“Canada Post union workers to begin rotating nationwide strikes Monday morning https://a.msn.com/r/2/BBOGE1D?m=en-ca&referrerID=InAppShare”
I’m annoyed. I knew it was possible for the government-sponsored monopolies at Canada Post to upset my daily routine. I ignored that possibility when I placed an on-line order for a specialty household product I’ll need by month-end.
So now, the very next day following the placing of my order (the vendor offers free shipping by expedited Canada Post shipment) I read (see link above) that the disgruntled union is ordering “rotating strikes.”
This means my order may be delayed and I won’t receive it in time for next weekend, when I have planned to clean the hard-water deposits from my espresso machine.
Trivial stuff, I know, when counterpoised against the heady issues of ” . . . health and safety, gender equality and good, full-time middle-class jobs . . ..”
I guess where the whole thing comes apart for me is that here are two government-sponsored monopolies opposing each other in the pit of practically unlimited dollars confiscated from taxpayers and sloshing around for the taking.
Canada Post, the crown corporation, enjoys a monopoly. Nobody else is allowed to deliver letters or bulk mail by order of law. On the other side of the dispute is the union of postal workers, who enjoy a peculiar monopoly of their own; no other individuals may perform their work without being members of the union, a status also enforced by order of law.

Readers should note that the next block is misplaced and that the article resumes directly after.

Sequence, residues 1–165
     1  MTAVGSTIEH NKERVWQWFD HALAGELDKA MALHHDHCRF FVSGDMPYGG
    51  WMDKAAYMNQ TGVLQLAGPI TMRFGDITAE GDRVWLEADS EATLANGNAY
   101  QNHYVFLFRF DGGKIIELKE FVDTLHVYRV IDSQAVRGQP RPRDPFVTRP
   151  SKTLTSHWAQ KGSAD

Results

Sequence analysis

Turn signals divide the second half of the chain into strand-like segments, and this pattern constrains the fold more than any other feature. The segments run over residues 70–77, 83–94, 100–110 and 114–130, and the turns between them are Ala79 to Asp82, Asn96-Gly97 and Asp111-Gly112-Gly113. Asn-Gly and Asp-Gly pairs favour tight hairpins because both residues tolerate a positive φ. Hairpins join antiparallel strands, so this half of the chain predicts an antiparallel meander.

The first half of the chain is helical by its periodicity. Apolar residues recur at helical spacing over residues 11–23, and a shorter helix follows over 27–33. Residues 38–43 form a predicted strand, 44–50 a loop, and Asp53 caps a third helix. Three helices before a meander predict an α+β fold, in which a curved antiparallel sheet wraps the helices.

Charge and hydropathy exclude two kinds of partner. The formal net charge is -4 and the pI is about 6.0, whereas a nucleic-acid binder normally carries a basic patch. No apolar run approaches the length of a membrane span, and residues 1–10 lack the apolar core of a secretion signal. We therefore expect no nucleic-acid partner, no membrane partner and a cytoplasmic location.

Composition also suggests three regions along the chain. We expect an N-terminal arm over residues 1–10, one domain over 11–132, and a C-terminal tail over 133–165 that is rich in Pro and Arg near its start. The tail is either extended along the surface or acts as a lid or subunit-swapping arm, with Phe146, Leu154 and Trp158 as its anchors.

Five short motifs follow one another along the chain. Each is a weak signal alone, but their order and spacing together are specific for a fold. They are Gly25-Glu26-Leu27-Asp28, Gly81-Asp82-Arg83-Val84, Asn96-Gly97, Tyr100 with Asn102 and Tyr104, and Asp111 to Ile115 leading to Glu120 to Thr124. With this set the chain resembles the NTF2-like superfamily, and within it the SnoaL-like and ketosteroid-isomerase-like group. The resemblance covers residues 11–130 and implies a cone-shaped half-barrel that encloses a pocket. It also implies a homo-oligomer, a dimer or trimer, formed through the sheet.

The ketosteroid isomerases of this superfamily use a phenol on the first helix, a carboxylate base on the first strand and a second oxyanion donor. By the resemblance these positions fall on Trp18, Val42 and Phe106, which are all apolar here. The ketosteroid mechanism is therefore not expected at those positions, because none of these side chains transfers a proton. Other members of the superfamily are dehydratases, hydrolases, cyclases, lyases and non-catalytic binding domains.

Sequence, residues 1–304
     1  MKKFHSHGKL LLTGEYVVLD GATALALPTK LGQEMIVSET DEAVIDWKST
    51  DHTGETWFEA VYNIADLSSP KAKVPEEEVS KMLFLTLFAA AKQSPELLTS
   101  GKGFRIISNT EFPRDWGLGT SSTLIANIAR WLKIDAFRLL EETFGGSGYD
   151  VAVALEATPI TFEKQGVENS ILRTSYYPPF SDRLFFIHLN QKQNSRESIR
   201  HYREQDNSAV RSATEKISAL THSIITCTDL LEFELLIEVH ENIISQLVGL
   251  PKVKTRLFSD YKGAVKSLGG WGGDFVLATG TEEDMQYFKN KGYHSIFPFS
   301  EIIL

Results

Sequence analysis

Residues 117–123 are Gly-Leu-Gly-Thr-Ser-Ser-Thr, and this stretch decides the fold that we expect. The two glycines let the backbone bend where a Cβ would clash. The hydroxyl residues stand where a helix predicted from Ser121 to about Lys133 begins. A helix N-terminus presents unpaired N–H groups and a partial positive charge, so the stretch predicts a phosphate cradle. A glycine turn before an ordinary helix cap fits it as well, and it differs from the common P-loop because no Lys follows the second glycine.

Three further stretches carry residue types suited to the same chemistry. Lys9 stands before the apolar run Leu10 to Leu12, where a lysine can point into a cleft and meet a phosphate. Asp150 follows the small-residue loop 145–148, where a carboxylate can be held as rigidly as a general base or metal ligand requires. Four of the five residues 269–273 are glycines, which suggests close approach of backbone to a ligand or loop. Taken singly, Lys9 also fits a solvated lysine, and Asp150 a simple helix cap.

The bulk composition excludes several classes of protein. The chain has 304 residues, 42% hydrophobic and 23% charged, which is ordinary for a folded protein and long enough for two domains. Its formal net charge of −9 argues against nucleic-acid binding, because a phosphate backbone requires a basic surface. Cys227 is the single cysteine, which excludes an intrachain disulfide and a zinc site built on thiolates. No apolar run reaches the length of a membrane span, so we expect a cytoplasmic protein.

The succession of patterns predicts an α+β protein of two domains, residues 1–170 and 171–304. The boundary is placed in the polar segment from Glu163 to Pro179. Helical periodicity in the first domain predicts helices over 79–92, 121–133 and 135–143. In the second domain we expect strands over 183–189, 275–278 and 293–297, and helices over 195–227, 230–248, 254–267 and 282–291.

Then there are the issues, which on their own provide just cause for annoyance at the least. Let’s see, “health and safety” is a kind of “sugar-pie” issue that nobody can argue against. I’m all for the health and safety of workers regardless of their peculiar employment circumstances. Exactly what are the concerns of postal workers, the majority of whom are only stressed by repetitive sorting of letters weighing less than an ounce, or carrying bags of same that cumulatively could weigh more than a bag of groceries? Perhaps this stress is outweighed by the healthy walking letter-carriers do in making their appointed rounds.
What about “gender equality?” This term as used here must be some kind of package deal. On the face of it, genders are only equal before the law and morality. It means equality of opportunity and not of outcome. In absolute terms, gender is a distinction with a difference. So I’ll leave it to union representatives to explain why this is an issue so dire as to withdraw their members from active employment, rotating or otherwise.
Finally, we have “good, full-time middle-class jobs” as a key point of disagreement. Now I know that a government-sponsored monopoly employer, which has never demonstrated much regard for the proverbial “bottom-line” has probably been rather accommodating in regard to “job-creation” when it comes to allocating resources. Who has not wondered how a clerk who is paid more in wages and benefits than the average Canadian unskilled worker can be financially justified at a few dollars per transaction, when they, the taxpayers, wait on-line for service from the same, often surly clerk?
Is that what “good, full-time middle-class jobs” means to the union? By what right does this monopoly provide a superior standard of living to unskilled workers to what they might obtain in free markets without the benefit of a government enforced monopoly?